Use Fist of Five for Contextual Questions

Use the Fist of Five to Test for Consensus on Contextual Issues

The Fist of Five approach combines the speed of thumbs up/ down and displays the degrees of agreement that can support more complicated decision spectrums. Using this tool, people vote using their hands and display fingers to represent their degree of support. Fist of Five Method When a group comes to consensus on an issue, it means that everyone in the group can…

Effective Facilitators Know Illness vs Wellness

The Most Effective Facilitator Avoids Using the Word “I”

As an effective facilitator, stop using the word “I”. For some, it is quite natural to substitute the plural “we” or “us”.  For others, it remains a significant challenge.  If you find it is a challenge, consider this opportunity as the number one change you can make to become a more effective facilitator. We have witnessed…

How to Facilitate Multiple Presenters

How to Facilitate a Conference with Multiple Presentations

During a recent four-day conference, we facilitated more than 20 speakers and multiple presentations with very distinctive topics ranging from embracing social responsibility to utilizing Google® Hangouts for small groups.  Our approach was highly applauded so we are sharing it with you, so that you can become a more effective facilitator. As the FAST technique instructs,…

Three Questions for Clarity and Precision

How to Be Precise with Three Transition Questions: Do NOT Ask “How Do You Solve Global Hunger?”

Transition questions are highly effective because you cannot develop a plan, any plan, such as a marketing plan, by asking “What is the marketing plan?”  The question is so broad as to be DUMB. We have learned during facilitated meetings and workshops, that it’s not easy for participants to respond to broad questions like “How…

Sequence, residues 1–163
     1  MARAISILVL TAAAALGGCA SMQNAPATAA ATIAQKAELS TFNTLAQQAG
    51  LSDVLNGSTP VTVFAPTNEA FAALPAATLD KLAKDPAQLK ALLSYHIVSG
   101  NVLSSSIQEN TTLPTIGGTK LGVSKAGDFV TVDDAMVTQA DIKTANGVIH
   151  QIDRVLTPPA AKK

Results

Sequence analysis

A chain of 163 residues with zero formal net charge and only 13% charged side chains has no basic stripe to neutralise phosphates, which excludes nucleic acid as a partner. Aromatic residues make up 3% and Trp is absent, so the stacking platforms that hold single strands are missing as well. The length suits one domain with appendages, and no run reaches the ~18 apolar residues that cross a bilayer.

Activities to Improve your Facilitator Skill Set

“If you’ve never been hit in the face, find out what it’s like”

Our alumni know that we compare the facilitator skills and attributes to those of a Navy SEAL.  We have stressed the importance of remaining invisible (ie, neutral), focused externally (ie, NOT on one’s self), and embracing a strong sense of service to help others, to make it easy.  This is the first time we have…

Nurture Ideas By Putting Them in the Refrigerator

Why Call Your Meeting Parking Lot a Meeting Refrigerator

One way to stir things up in meetings, with strong supporting rationale, would be to begin calling the Parking Lot a Meeting Refrigerator.  Here is why.  The term Parking Lot connotes a place of rest, where no progress is made, and stuff can actually begin to rust.  Items left in the Parking Lot can even…

Structured Meetings Lead to Higher Quality Outputs

Justify Structured Meetings Using Professional Facilitators

A highly productive meeting or workshop can generate positive impact within an organization and among its stakeholders–permeating their culture.  Here are a few straightforward facts, implications, and recommendations for the use of structured meetings, led by professional and trained facilitators. Background of Structured Meetings The dynamism of business wisdom demands the application of knowledge, stuff that is ‘in−formation’ (not…

Becoming a Humane Human

Become a Humane Human, Understand WHY Behind WHAT

Road Rage.  Have you been irritated by someone else’s driving?  Of course, we all have.  Today I realized however that I am likely guilty of doing the precise thing that others have done to piss me off.  However, when I did it, there was justification—of course.  When they did the same thing however, they were…

Power of the Single Cell

Power of a Single Cell to Make Your Deliverables More Robust

With structured analysis, each piece of data or single cell might be decomposed another layer. Amplify this approach even further by splitting your four cells into sixteen.  Therefore, see the picture below.  We can now ask, generate, and record sixteen pieces of information on a large Post-It® for each assignment.  Note how we take the four…

An Improved Simple Agenda

Use an Object to Describe Each Agenda Step – NOT a Verb

Do you want more meetings or for each meeting to have an additional agenda step?  Of course not.  Nobody wants more meetings and yet many of us find ourselves in meetings a few dozen hours per week (or more).  Why do we meet so frequently since seldom do we actually remove stuff from our “To-Do”…